On October 22nd, 2001, the Industrial dispute between QANTAS and its employees was initiated with the offering of a new Enterprise Bargaining Agreement. This proposed an 18-month wage freeze for employees plus a sliding scale profit share scheme. Ten out of twelve unions under QANTAS accepted the terms of the agreement, barring the unions of manufacturing employees (AWU and AMWU). They were holding out for a 4-6% pay rise. On the 8th May 2002, some ten months later, the dispute was resolved when QANTAS agreed to an across the board 6% pay increase. This essay provides an in-depth analysis into the dispute, including causes, the resolution process, the role of stakeholders, and costs and benefits for all concerned.
The industrial dispute occurred primarily because of two reasons, wage demands, and management policy. In both areas of conflict, there was contradiction between the aims of QANTAS management and manufacturing employees.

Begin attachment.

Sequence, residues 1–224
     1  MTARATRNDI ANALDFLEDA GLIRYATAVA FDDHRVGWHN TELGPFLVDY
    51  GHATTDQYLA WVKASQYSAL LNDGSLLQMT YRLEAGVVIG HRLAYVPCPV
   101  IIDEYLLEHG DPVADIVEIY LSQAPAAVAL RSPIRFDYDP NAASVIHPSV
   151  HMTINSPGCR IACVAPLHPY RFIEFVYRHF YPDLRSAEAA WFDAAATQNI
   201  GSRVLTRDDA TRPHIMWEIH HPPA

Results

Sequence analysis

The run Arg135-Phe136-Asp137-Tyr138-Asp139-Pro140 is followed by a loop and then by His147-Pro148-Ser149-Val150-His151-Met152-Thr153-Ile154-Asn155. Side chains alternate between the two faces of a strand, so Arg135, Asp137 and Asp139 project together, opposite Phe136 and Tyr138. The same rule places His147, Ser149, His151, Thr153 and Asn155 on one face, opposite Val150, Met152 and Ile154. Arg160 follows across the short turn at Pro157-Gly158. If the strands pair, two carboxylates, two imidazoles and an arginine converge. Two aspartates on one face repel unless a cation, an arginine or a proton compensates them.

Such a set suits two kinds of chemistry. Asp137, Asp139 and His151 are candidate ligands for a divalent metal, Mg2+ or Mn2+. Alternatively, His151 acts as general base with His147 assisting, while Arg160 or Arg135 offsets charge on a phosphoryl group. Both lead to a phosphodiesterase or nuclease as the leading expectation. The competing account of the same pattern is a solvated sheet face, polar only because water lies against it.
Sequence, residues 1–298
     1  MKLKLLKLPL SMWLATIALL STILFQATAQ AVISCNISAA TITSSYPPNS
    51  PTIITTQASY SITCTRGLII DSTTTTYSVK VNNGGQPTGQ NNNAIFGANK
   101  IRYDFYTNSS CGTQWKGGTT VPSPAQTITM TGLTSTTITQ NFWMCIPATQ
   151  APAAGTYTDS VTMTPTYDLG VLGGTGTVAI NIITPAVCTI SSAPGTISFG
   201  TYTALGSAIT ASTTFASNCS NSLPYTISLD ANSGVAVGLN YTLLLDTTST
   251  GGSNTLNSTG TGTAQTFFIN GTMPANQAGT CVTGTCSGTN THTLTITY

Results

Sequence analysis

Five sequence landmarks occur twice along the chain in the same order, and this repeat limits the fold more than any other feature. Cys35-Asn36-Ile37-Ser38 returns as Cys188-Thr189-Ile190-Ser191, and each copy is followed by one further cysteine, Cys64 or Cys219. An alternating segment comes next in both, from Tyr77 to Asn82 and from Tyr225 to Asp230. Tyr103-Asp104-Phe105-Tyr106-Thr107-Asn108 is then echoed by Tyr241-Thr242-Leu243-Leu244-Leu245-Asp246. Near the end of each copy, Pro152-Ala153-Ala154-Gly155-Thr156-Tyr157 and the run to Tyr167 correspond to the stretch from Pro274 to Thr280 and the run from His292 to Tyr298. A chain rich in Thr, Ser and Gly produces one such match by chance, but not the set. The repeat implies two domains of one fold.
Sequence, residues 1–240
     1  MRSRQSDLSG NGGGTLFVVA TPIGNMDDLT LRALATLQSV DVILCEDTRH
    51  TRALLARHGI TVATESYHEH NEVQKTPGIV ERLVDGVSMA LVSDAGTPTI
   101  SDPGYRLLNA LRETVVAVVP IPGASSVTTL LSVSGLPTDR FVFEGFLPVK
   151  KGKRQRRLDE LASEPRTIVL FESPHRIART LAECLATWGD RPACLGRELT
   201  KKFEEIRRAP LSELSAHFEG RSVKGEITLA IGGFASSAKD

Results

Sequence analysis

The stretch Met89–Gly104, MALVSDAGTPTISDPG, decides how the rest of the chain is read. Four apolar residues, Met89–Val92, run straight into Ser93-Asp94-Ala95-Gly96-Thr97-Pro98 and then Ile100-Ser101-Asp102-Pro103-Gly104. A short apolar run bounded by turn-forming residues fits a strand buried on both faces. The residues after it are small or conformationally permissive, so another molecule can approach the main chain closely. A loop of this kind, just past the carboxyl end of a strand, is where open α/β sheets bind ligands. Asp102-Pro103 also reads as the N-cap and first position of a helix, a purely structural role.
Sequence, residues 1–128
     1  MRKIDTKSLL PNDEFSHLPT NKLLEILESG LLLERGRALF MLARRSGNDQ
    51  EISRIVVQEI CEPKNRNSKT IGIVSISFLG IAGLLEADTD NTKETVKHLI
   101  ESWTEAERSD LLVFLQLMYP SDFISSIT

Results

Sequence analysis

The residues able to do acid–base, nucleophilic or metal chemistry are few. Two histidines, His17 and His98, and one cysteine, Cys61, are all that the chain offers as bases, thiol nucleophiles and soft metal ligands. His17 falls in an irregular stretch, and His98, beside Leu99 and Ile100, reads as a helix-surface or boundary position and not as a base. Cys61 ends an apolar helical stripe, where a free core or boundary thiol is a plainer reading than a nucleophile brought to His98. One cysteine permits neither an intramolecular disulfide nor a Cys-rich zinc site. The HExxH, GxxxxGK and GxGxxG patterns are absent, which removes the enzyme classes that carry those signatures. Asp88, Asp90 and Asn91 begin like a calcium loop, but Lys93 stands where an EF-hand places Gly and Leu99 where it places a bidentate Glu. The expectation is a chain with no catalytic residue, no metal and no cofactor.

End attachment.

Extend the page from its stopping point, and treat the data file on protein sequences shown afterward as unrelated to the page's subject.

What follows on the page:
The wage demands occurred as a conflict between two major stakeholders, employees and employers, as established in both plural and radical views on conflict. QANTAS proposed that all employees accept an 18-month wage freeze, in order to obtain bonus levels if profit margins reach certain targets. They believed that this was in their best interests as the business had the goal of minimising costs in order to maintain international competitiveness. Competitors were entering the market with lower cost structures, which QANTAS could not match, so they had to reduce costs, which in this case was wages. They justified their cause with the fact that 83% of Unions accepted this. The manufacturing employees, on the other hand, wanted to maximise their wages. In this case, they wished only to maintain wage levels, demanding a 4 to 6% increase in wage levels in order to match the increase in cost...